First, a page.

3. Sherlock Holmes: A Game Of Shadows

Guy Ritchie’s second installment of Sherlock Holmes picks up where the first left off, only with added comedy bite. Both Robert Downey Jr. and Jude Law are on fine form, with their on-screen chemistry sizzling into a feuding friendship. Though at times the film veers on the absurd, the comic element of “Sherlock Holmes: A Game Of Shadows” will hopefully remain Ritchie’s focus in the next instalment.

2. Les Yeux De Sa Mere

Mathieu (Nicolas Duvauchelle) is an investigative journalist whose target is his former love interest Maria (Geraldine Pailhas) and her famous anchorwoman mother Lena Weber (Catherine Deneuve). However, when his interference leads to an unfortunate accident, Mathieu finds himself hunting down Maria’s secret son, upcoming boxing champion Bruno (Jean-Baptiste Lafarge). The twisting and turning plot presents an interesting take on celebrity culture, with Lefarge proving himself a name to keep a close eye on.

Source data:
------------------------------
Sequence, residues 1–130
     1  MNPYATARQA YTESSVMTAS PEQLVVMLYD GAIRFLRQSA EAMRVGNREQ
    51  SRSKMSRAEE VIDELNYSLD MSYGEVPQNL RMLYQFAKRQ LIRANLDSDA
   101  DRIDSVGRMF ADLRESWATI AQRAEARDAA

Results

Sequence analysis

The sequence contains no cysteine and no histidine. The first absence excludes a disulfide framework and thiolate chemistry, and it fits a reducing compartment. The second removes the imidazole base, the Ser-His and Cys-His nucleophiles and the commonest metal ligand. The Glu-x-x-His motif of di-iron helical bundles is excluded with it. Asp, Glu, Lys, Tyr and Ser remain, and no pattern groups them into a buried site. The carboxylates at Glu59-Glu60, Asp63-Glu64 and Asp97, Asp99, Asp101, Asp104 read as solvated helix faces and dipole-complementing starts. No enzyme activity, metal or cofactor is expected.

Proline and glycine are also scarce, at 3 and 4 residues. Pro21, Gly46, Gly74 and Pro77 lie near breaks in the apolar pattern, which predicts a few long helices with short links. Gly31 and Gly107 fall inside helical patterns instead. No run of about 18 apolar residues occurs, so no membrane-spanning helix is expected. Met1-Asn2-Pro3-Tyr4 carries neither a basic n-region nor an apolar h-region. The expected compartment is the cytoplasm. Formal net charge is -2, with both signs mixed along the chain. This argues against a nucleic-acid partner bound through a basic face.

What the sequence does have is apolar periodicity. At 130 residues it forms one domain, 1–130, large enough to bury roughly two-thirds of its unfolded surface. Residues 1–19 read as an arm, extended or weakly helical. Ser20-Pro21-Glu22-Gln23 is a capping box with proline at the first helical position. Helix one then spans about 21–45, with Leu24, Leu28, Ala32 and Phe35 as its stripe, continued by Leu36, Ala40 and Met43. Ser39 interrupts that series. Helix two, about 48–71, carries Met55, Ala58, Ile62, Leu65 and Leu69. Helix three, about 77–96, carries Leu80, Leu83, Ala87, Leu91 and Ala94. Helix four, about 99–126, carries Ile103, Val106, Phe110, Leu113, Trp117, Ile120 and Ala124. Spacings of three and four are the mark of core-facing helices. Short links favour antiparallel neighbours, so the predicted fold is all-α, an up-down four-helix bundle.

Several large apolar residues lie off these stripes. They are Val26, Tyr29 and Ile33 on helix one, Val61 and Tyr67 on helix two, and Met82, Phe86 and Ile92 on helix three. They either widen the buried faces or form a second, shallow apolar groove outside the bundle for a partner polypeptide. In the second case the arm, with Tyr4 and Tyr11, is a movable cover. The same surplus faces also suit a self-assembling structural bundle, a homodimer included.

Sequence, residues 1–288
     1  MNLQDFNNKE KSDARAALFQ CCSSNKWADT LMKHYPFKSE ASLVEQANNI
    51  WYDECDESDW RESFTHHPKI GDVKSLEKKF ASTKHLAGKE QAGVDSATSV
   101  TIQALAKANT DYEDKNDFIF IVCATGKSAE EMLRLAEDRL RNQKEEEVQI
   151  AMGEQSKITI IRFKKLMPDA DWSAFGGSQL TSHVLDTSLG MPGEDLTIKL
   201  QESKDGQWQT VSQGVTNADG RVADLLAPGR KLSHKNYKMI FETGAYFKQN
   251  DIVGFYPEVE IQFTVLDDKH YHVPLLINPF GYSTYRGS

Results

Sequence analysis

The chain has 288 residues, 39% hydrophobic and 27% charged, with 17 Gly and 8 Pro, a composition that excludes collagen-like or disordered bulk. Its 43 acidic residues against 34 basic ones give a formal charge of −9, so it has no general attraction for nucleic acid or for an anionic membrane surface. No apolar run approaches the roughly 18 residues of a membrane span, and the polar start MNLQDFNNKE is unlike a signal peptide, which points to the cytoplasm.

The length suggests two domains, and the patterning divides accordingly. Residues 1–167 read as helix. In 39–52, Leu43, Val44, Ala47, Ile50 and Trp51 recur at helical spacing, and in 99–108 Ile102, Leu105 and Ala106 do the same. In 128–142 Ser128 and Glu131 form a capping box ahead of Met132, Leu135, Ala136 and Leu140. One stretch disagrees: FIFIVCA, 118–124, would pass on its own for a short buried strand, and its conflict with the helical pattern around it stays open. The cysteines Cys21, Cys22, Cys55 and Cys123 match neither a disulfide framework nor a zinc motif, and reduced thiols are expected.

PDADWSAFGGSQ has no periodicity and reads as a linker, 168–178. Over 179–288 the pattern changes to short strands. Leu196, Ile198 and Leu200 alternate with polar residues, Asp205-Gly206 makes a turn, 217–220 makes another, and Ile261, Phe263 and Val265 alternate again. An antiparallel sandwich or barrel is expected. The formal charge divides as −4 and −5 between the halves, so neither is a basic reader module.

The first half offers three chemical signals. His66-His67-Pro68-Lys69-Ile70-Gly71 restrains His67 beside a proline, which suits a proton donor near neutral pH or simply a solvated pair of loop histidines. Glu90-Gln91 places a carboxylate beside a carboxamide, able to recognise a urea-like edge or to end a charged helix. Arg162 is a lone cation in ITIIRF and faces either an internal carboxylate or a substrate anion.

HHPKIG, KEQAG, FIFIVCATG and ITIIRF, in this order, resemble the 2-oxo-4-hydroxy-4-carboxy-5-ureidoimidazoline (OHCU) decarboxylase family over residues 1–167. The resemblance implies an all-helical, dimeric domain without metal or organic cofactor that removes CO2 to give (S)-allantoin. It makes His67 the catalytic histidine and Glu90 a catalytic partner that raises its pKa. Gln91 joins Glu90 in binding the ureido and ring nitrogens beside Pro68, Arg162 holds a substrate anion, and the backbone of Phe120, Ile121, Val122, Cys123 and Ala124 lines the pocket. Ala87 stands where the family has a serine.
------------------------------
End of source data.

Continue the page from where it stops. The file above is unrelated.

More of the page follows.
1. Weekend

Andrew Haigh’s “Weekend” is the ultimate love story. Russell (Tom Cullen) and Glen (Chris New) meet in a club. Neither are looking for anything more than simple shag, but they unexpectedly fall for each other over the course of an eventful weekend. With a simple but believable script and two of the finest screen performances of the year, “Weekend” is unmissable.

The Kaje talks breaking boundaries to Chris New